The First Thing to Do in 10 Travel Scenarios
Head to kayak.com.
Kayak is like the Google of travel deals, according to Dave Fox, a guide for the tour company Europe Through the Back Door. There’s no need for you to visit multiple sites―such as Expedia, Travelocity, and Orbitz―to check out airline and hotel prices: Kayak's search engine lets you compare those sites' options, then book flights and accommodations directly with whichever one has the best deal.
When You Get Out Your Suitcase
Remove your home address from your luggage tag and add your cell-phone number.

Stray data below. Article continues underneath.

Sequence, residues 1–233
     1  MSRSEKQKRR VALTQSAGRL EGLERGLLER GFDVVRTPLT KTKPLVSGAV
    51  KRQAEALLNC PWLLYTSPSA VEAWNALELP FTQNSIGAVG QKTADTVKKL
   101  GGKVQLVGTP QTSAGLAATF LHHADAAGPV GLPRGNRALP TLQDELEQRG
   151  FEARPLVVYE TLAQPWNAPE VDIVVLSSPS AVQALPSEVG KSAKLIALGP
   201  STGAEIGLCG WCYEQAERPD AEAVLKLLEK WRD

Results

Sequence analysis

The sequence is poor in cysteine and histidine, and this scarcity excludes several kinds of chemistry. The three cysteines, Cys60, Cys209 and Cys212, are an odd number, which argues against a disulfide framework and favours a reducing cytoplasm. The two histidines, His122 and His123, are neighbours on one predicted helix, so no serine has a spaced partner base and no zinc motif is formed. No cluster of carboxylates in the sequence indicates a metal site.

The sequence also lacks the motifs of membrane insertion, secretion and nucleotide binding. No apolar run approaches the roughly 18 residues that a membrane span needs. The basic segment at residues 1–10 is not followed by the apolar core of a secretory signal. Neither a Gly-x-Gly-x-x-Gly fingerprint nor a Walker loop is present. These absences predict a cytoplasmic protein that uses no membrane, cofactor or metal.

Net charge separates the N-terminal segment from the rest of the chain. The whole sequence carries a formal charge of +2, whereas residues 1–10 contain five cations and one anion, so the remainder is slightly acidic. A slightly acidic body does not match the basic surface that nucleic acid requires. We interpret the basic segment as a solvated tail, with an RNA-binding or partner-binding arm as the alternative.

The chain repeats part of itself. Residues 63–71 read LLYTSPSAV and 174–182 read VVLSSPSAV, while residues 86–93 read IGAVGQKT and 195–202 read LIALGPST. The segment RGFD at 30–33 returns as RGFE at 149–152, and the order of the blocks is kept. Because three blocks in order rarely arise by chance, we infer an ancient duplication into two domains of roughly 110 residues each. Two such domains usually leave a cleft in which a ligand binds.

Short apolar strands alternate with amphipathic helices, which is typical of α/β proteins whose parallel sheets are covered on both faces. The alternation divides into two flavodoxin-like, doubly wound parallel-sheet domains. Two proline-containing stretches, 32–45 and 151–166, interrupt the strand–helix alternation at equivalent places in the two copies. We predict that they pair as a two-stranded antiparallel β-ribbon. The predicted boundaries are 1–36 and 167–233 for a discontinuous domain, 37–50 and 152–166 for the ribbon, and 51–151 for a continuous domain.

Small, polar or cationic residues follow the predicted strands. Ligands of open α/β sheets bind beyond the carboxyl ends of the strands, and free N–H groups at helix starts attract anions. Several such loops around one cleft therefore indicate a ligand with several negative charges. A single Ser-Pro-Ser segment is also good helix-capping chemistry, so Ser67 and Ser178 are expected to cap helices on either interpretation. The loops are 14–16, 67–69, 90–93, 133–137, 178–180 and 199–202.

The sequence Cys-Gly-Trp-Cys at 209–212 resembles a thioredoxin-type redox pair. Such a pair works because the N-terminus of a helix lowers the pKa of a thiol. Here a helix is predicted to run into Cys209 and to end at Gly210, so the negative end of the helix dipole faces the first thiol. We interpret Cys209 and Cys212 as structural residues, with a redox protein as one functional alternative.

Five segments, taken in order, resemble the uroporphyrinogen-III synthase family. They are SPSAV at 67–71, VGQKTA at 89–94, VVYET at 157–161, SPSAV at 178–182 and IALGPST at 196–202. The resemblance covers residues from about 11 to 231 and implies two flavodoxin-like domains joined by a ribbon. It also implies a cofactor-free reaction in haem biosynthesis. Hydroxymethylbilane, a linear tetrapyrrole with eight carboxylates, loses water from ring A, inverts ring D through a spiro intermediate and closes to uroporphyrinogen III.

Most of us dutifully write our full name, home phone, and address on our tags, but that reveals too much, says Anne McAlpin, a packing expert and the author of Pack It Up: The Essential Guide to Organized Travel. Instead, print your first initial and last name―a safety precaution for women, since it doesn't signal your sex or that you might have jewelry in your bag. Second, omit your address. It tells a potentially unscrupulous baggage handler, "No one's home." Third, skip your home phone (which isn't much use when you're not home) in favor of your e-mail address and cell-phone number. Other information to include on the airline's paper ID tags (which you can update for each trip): a phone number for (1) your first hotel and (2) a friend or a relative at home who can reach you.